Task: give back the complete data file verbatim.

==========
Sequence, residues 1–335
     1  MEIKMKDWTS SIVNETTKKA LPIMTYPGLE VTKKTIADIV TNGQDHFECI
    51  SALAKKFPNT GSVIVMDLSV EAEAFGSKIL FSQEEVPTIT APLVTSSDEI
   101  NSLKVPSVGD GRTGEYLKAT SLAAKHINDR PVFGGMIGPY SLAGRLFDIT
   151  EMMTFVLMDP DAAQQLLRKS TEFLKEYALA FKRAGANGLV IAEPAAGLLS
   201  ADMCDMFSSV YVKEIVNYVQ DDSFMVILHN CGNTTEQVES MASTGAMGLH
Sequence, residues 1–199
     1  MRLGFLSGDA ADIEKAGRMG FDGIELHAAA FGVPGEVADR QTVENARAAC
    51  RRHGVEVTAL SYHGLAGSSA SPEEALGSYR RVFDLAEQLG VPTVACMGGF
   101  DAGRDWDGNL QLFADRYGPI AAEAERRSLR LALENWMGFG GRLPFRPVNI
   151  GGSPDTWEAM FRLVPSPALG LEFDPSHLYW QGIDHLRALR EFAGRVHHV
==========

Sequence, residues 1–335
     1  MEIKMKDWTS SIVNETTKKA LPIMTYPGLE VTKKTIADIV TNGQDHFECI
    51  SALAKKFPNT GSVIVMDLSV EAEAFGSKIL FSQEEVPTIT APLVTSSDEI
   101  NSLKVPSVGD GRTGEYLKAT SLAAKHINDR PVFGGMIGPY SLAGRLFDIT
   151  EMMTFVLMDP DAAQQLLRKS TEFLKEYALA FKRAGANGLV IAEPAAGLLS
   201  ADMCDMFSSV YVKEIVNYVQ DDSFMVILHN CGNTTEQVES MASTGAMGLH
Sequence, residues 1–199
     1  MRLGFLSGDA ADIEKAGRMG FDGIELHAAA FGVPGEVADR QTVENARAAC
    51  RRHGVEVTAL SYHGLAGSSA SPEEALGSYR RVFDLAEQLG VPTVACMGGF
   101  DAGRDWDGNL QLFADRYGPI AAEAERRSLR LALENWMGFG GRLPFRPVNI
   151  GGSPDTWEAM FRLVPSPALG LEFDPSHLYW QGIDHLRALR EFAGRVHHV